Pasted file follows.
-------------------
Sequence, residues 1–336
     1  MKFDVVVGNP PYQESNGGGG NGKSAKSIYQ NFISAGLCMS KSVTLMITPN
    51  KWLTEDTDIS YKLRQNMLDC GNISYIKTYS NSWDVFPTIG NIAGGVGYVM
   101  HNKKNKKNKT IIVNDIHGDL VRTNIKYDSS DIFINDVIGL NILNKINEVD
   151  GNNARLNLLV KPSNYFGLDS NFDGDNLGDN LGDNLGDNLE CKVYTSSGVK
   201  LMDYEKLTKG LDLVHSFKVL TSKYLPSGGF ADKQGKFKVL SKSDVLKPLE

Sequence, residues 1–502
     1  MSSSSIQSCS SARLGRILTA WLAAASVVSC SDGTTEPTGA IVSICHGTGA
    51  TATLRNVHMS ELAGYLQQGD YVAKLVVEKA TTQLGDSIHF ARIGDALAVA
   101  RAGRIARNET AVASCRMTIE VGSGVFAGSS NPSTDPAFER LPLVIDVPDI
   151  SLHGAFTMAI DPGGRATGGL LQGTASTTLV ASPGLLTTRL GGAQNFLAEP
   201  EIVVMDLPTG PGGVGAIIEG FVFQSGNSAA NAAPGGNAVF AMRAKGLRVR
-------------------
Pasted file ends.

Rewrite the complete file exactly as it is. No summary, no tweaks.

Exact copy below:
Sequence, residues 1–336
     1  MKFDVVVGNP PYQESNGGGG NGKSAKSIYQ NFISAGLCMS KSVTLMITPN
    51  KWLTEDTDIS YKLRQNMLDC GNISYIKTYS NSWDVFPTIG NIAGGVGYVM
   101  HNKKNKKNKT IIVNDIHGDL VRTNIKYDSS DIFINDVIGL NILNKINEVD
   151  GNNARLNLLV KPSNYFGLDS NFDGDNLGDN LGDNLGDNLE CKVYTSSGVK
   201  LMDYEKLTKG LDLVHSFKVL TSKYLPSGGF ADKQGKFKVL SKSDVLKPLE

Sequence, residues 1–502
     1  MSSSSIQSCS SARLGRILTA WLAAASVVSC SDGTTEPTGA IVSICHGTGA
    51  TATLRNVHMS ELAGYLQQGD YVAKLVVEKA TTQLGDSIHF ARIGDALAVA
   101  RAGRIARNET AVASCRMTIE VGSGVFAGSS NPSTDPAFER LPLVIDVPDI
   151  SLHGAFTMAI DPGGRATGGL LQGTASTTLV ASPGLLTTRL GGAQNFLAEP
   201  EIVVMDLPTG PGGVGAIIEG FVFQSGNSAA NAAPGGNAVF AMRAKGLRVR